# How to get out of local minimums on stochastic gradient descent?

I'm not programming a neural network but I'm looking at it from a non-hands-on, theoretical point of view and I'm currently wondering how to escape a local minimum and how to get to a global minimum.

If you start at a point, for instance: (red)

When you compute the gradient of the error function and step in the direction of greatest descent, you'd end up in that immediate local minimum. AFAIK, you'd get stuck there. How do neural network trainers go about this? Do they start from a new random configuration of weights at each batch and see if the cost is smaller, or is there some way of immediately getting to the global minimum?

I've heard of a method resetting the learning rate to 'pop' out of local minimums but I'm not sure how that works when the gradient is 0. I've also heard that stochastic gradient descent is more reliable than gradient descent at finding global minimums, but I don't know how using the training data in batches rather than all at once allows it to steer around local minimum in the example, which is clearly steeper than the path to the global minimum behind it.

I don't know how using the training data in batches rather than all at once allows it to steer around local minimum in the example, which is clearly steeper than the path to the global minimum behind it.

So, stochastic gradient descent is more able to avoid local minimum because the landscape of batch loss function is different than the loss function of whole dataset (the case when you calculate the losses on all data and then update parameters). That means the gradient on the whole dataset could be 0 at some point, but at that same point, the gradient of the batch could be different (so we hope to go in other direction than the local minimum).

## Neural network architecture and loss landscape

In order to escape the local minimum, your neural architecture can also help. For example, see this work: Visualizing the Loss Landscape of Neural Nets. It shows that skip connections can smoothen your loss landscape and, hence, help the optimizers to find the global minimum more easily.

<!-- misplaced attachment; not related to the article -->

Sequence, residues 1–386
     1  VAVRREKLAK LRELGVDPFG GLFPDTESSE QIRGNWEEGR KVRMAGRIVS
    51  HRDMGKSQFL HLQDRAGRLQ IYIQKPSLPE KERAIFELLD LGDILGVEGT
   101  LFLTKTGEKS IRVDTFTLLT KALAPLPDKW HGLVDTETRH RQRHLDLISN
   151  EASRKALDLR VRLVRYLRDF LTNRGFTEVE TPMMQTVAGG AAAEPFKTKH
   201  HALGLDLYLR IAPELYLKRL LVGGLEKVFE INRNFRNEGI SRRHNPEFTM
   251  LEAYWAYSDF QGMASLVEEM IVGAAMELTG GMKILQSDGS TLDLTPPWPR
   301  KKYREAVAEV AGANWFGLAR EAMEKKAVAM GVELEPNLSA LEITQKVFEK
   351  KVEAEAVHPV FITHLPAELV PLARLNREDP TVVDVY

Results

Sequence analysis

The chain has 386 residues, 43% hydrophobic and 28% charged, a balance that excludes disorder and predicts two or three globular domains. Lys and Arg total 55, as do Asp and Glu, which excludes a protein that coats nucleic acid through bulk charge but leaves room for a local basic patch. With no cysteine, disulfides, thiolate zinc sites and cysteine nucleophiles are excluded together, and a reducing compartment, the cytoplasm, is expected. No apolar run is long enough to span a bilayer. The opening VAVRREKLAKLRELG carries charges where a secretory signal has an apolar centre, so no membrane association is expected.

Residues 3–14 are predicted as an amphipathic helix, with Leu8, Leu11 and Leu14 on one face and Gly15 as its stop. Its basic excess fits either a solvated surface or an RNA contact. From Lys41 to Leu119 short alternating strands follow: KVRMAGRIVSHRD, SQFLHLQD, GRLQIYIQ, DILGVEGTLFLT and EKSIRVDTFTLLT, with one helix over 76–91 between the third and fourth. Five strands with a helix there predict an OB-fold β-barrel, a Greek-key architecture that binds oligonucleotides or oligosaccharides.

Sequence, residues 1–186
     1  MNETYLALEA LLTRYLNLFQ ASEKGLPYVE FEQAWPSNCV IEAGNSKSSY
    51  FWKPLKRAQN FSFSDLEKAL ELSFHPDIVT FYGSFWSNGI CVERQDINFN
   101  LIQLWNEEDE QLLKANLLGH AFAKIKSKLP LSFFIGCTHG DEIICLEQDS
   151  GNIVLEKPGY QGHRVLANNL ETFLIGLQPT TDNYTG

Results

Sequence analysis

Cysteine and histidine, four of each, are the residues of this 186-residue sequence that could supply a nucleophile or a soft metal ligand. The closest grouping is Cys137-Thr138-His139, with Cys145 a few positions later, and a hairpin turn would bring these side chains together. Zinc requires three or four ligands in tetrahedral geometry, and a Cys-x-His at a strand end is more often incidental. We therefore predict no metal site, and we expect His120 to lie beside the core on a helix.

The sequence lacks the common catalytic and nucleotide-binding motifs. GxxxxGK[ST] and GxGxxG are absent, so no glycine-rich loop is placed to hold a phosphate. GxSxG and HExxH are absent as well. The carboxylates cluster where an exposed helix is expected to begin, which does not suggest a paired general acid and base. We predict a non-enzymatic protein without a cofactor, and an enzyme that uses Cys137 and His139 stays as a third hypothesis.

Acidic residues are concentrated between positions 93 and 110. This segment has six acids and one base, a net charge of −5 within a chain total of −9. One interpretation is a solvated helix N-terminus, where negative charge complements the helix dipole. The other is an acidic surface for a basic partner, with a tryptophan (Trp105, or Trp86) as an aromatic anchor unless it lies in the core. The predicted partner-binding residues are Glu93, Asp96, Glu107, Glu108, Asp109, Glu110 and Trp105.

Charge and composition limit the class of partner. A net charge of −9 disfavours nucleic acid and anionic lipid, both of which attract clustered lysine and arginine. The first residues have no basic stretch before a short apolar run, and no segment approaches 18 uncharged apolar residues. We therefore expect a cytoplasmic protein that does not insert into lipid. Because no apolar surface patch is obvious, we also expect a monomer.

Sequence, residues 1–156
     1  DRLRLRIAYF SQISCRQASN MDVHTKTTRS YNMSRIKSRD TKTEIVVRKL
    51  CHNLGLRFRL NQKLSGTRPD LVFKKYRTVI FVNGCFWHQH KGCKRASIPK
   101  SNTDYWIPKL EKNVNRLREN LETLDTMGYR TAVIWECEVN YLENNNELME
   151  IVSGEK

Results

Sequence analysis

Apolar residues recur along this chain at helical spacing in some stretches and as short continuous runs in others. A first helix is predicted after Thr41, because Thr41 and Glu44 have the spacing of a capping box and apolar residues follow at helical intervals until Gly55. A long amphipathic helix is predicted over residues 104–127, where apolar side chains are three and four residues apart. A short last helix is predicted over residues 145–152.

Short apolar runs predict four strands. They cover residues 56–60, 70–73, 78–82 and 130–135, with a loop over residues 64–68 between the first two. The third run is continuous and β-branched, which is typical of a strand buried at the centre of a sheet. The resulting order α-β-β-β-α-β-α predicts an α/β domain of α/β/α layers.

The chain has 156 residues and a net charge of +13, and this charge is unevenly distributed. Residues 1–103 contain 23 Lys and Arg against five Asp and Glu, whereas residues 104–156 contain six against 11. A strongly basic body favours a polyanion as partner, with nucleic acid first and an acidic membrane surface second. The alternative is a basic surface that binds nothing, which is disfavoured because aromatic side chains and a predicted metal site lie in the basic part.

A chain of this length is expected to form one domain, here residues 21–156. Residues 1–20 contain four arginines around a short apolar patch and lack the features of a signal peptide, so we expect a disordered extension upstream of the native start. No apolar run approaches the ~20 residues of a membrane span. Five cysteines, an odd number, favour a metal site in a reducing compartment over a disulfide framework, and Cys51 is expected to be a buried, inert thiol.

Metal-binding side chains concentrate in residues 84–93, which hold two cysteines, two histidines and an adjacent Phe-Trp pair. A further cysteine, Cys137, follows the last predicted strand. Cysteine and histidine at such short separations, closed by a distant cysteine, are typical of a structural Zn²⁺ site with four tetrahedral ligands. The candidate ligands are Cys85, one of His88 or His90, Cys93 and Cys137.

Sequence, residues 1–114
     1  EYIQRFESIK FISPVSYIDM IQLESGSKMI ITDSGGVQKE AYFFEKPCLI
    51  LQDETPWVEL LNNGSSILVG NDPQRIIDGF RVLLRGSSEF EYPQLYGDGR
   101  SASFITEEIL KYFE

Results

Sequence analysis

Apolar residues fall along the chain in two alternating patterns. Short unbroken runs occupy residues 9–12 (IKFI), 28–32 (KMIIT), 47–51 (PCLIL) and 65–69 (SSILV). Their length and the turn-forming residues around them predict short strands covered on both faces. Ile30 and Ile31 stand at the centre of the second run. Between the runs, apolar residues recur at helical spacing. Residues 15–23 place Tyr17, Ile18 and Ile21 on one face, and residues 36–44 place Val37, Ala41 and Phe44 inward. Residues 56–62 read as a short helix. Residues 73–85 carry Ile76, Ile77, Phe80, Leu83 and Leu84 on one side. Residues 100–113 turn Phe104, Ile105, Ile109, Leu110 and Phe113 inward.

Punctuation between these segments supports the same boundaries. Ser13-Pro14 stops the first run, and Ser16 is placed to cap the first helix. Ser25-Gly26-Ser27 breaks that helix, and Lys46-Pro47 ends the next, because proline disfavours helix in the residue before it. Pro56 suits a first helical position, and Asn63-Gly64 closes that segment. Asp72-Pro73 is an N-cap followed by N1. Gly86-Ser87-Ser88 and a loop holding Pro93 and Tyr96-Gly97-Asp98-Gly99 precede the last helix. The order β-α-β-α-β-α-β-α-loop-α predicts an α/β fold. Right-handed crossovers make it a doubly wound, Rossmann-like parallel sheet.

## Local minimums vs global optimum

Finally, there are some works suggesting that the local minimums have almost the same function value as the global optimum. See this question and answer.

• It should be also said that mini-batches is not the only source of stochasticity introduced to avoid local minima. Also, the fact that we have so many variables makes local minima unlikely. Saddle points are more common which are considerably easier to get away from. This is why in practice neural network training works as well as it does. Jan 24, 2019 at 20:37

Ordinary, vanilla gradient descent (GD) is a numerical approximation method, and not inherently stochastic. A stochastic process by nature has some "randomness", which a numerical method like GD does not have (unless you want to debate that the data set is itself inherently random and GD obtains it's stochastic properties from the data).

It's fairly common for numerical methods like GD to get stuck in their local minimums/maximums. I've a few lectures on optimization methods, here is one on simulated annealing. Methods like simulated annealing have an advantage over deterministic numerical methods because they allow some randomness to be involved in the global optimum search. Whereas deterministic methods can often be fooled by following the steepest direction, or the nearest optima.

GD, whether done in batch or by individual sample, more than often gets stuck in a local minimum, especially with deeper networks because the cost function becomes more and more complicated.

Overall, GD on its own is not a great method for truly finding a global optimum. A better approach would be to include some random perturbation in the weight update step as discussed by Robert & Casella. Their approach is actually very similar to simulated annealing.

Other methods include similar Monte Carlo approaches to adding stochastic properties to the GD step in neural network learning.

The Berkeley Artificial Intelligence Research (BAIR) lab has a nice blog post, Minibatch Metropolis-Hastings , of combining GD methods with Metropolis-Hastings steps. It'll be a little out of your field of interest, but it is a good example of how GD can be modified to work better.